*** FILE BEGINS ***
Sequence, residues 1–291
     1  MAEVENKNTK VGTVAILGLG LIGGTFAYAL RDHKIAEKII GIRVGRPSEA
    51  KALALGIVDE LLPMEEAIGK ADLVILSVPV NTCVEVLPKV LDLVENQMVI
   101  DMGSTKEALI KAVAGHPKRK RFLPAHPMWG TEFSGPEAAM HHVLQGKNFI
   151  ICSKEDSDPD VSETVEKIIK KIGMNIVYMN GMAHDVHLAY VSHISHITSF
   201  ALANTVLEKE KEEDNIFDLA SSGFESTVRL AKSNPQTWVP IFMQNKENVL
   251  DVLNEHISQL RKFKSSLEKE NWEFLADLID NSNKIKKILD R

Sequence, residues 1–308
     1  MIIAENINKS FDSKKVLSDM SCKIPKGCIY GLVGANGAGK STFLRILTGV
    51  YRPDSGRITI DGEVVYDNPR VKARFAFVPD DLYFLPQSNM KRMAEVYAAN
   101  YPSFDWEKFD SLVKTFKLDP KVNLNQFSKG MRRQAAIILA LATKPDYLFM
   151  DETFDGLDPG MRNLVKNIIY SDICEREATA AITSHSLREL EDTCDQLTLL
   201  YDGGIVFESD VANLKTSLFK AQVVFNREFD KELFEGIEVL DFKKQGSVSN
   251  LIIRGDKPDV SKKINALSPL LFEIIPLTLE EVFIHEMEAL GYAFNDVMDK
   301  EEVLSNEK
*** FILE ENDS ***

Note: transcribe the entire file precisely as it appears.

Sequence, residues 1–291
     1  MAEVENKNTK VGTVAILGLG LIGGTFAYAL RDHKIAEKII GIRVGRPSEA
    51  KALALGIVDE LLPMEEAIGK ADLVILSVPV NTCVEVLPKV LDLVENQMVI
   101  DMGSTKEALI KAVAGHPKRK RFLPAHPMWG TEFSGPEAAM HHVLQGKNFI
   151  ICSKEDSDPD VSETVEKIIK KIGMNIVYMN GMAHDVHLAY VSHISHITSF
   201  ALANTVLEKE KEEDNIFDLA SSGFESTVRL AKSNPQTWVP IFMQNKENVL
   251  DVLNEHISQL RKFKSSLEKE NWEFLADLID NSNKIKKILD R

Sequence, residues 1–308
     1  MIIAENINKS FDSKKVLSDM SCKIPKGCIY GLVGANGAGK STFLRILTGV
    51  YRPDSGRITI DGEVVYDNPR VKARFAFVPD DLYFLPQSNM KRMAEVYAAN
   101  YPSFDWEKFD SLVKTFKLDP KVNLNQFSKG MRRQAAIILA LATKPDYLFM
   151  DETFDGLDPG MRNLVKNIIY SDICEREATA AITSHSLREL EDTCDQLTLL
   201  YDGGIVFESD VANLKTSLFK AQVVFNREFD KELFEGIEVL DFKKQGSVSN
   251  LIIRGDKPDV SKKINALSPL LFEIIPLTLE EVFIHEMEAL GYAFNDVMDK
   301  EEVLSNEK